So she had escaped from the Rue Victor Hugo under pretext of a headache, and, bidding Felicite and Theo good-night, hastened back here, not allowing the young man to accompany her, as he desired.
“I am very seedy,” she told him, “and my head aches; I shall be better alone.”
So Theo, with the biddableness that was an integral and to her rather annoying quality of his character, had said no more, and returned to the other guests. The gaily attired chambermaid, bearing a small jug destined to strike dismay to some British admirers of the Conqueror, met the girl on the stairs.
“Bon soir, mademoiselle,” she said; “there’s a telegram for you in your salon.”
Brigit stood still. A telegram! Bad news probably. And such was her mental turmoil that at the thought she shrugged her shoulders. Almost anything that would change the nature of her trouble would be welcome.
But the contents of the telegram were bad.
“Tommy very ill. Diphtheria. Wants
Tommy ill! Poor little boy, with all his joy of life and enthusiasms, struck down by diphtheria! Why could it not be she instead?
But it was not the girl’s nature to waste time in useless reflections when any possible course of action lay before her.
Ringing, she sent for M. Berton, the proprietor, and finding that a train left in half an hour, threw her belongings into her box and a few minutes later was in a ramshackle cab clattering stationwards. She left a note for Theo, but she was sincerely glad that time was too short for her to make any attempt to see either him or Joyselle. They had faded into the background of her mind, and in the foreground stood, piteous and appealing, poor little Tommy.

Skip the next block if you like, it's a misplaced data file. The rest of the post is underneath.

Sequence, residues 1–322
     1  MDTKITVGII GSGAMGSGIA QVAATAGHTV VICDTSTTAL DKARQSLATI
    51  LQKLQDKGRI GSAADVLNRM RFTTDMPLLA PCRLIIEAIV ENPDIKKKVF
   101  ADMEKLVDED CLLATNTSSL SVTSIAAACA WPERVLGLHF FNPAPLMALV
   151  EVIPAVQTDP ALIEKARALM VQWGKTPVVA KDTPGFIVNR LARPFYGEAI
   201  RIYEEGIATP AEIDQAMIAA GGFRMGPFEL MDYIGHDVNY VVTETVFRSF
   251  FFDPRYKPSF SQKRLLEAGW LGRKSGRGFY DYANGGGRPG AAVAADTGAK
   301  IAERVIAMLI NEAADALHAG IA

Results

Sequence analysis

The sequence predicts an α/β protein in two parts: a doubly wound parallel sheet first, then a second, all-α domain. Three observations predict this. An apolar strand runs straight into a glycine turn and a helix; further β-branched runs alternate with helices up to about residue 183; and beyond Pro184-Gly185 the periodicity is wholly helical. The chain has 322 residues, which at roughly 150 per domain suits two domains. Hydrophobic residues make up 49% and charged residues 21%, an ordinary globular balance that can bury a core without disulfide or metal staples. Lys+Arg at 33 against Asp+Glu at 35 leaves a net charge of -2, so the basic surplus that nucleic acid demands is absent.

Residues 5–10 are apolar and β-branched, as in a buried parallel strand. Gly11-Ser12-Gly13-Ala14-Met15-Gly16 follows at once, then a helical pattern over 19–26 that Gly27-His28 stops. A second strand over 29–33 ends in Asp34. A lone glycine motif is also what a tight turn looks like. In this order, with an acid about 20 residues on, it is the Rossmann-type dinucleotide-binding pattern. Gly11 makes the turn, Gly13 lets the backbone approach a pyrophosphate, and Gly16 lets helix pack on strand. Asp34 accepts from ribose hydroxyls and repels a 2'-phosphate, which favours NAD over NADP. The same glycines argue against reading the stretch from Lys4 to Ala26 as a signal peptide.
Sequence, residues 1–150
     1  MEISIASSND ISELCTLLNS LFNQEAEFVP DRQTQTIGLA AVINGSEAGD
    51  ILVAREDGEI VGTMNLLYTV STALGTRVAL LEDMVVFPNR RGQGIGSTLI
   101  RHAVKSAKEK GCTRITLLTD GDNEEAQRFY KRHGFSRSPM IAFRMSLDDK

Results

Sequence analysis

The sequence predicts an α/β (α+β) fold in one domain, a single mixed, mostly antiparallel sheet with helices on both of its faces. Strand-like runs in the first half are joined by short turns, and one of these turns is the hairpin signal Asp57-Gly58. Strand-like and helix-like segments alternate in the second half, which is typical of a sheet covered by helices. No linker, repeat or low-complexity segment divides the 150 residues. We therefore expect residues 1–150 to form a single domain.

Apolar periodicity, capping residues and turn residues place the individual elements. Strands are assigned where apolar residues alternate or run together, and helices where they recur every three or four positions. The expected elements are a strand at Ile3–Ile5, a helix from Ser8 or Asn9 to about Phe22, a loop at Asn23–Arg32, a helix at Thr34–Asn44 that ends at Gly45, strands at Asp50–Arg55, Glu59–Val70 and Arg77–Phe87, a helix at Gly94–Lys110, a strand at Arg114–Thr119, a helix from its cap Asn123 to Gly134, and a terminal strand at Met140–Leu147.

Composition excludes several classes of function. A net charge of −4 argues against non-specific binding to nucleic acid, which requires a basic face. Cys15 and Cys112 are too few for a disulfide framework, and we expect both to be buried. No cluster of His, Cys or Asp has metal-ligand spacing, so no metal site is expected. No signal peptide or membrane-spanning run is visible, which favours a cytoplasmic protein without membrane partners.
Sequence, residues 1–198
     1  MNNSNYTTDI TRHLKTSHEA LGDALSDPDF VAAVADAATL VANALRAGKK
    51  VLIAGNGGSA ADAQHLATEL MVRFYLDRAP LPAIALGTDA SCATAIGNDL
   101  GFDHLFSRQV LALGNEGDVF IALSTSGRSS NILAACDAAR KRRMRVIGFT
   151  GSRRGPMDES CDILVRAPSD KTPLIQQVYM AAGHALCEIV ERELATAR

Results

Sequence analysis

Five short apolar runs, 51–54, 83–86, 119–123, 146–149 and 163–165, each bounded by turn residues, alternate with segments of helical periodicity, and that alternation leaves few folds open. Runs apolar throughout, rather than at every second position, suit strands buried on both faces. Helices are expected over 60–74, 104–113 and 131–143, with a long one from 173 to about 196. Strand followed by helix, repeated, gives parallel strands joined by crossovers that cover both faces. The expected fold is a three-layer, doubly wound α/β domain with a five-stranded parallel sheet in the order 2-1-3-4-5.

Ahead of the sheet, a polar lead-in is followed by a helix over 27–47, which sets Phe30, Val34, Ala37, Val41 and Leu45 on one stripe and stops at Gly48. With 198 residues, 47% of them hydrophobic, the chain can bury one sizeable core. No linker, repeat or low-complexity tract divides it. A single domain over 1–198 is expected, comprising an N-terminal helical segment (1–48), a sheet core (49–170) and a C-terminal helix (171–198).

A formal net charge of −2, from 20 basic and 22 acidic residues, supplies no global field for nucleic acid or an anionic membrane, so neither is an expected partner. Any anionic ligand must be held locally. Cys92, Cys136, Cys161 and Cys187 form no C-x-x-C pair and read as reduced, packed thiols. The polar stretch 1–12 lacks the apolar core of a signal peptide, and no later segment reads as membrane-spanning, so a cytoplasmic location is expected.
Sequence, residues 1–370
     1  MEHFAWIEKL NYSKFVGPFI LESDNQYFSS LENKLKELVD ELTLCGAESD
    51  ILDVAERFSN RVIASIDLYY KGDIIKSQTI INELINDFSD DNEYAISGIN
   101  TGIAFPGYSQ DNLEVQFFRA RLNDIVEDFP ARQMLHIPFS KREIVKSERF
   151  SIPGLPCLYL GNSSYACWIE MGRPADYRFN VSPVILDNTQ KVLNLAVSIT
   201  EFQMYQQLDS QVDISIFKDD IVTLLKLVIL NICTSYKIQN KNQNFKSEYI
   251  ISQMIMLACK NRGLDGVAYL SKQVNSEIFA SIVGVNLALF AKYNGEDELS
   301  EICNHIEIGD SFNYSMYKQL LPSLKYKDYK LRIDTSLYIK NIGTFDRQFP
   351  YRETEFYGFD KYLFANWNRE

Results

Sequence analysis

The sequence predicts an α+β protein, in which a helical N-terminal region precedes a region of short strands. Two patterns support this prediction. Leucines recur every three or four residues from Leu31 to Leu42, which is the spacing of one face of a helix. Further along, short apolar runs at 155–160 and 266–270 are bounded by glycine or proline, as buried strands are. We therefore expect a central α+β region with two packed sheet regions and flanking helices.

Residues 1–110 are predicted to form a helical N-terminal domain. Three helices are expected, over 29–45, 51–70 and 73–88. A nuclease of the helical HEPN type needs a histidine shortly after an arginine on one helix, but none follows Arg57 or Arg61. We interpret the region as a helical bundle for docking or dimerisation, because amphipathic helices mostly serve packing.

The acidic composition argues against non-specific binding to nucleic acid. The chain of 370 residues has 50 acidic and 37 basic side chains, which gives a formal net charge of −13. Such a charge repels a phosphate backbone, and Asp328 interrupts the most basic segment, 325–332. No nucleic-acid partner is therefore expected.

It was a gruesome journey, never to be forgotten, and made more bearable by several little acts of kindness on the part of her fellow-travellers, as such journeys are apt to be.
Brigit never again saw the fat Jewish commercial traveller who rushed from the train at some station, and nearly missed the train in his efforts, successful at last, to get her some tea; but she never forgot him. Neither did she ever forget a woman in shabby mourning who insisted on giving her a packet of somebody’s incomparable milk chocolate.
And for hours and hours and hours the trains (for she had to change twice) rushed on through the slow-dying autumn evening and night, and part of the next day. Then at last London—a rush in a hansom to Victoria from Charing Cross, and the familiar little journey homewards. It was about three o’clock when she reached Kingsmead, and raining hard.
“’Is lordship is—still alive, my lady,” Jarvis told her, choking a little, “but—pretty bad, my lady.” Tommy had always laughed at Jarvis’ manner, but Brigit liked it now.
The drive seemed endless, but at length there was the lodge, and the carp-pond, and the tennis-court, and—the beautiful old house, all blurred in the driving rain.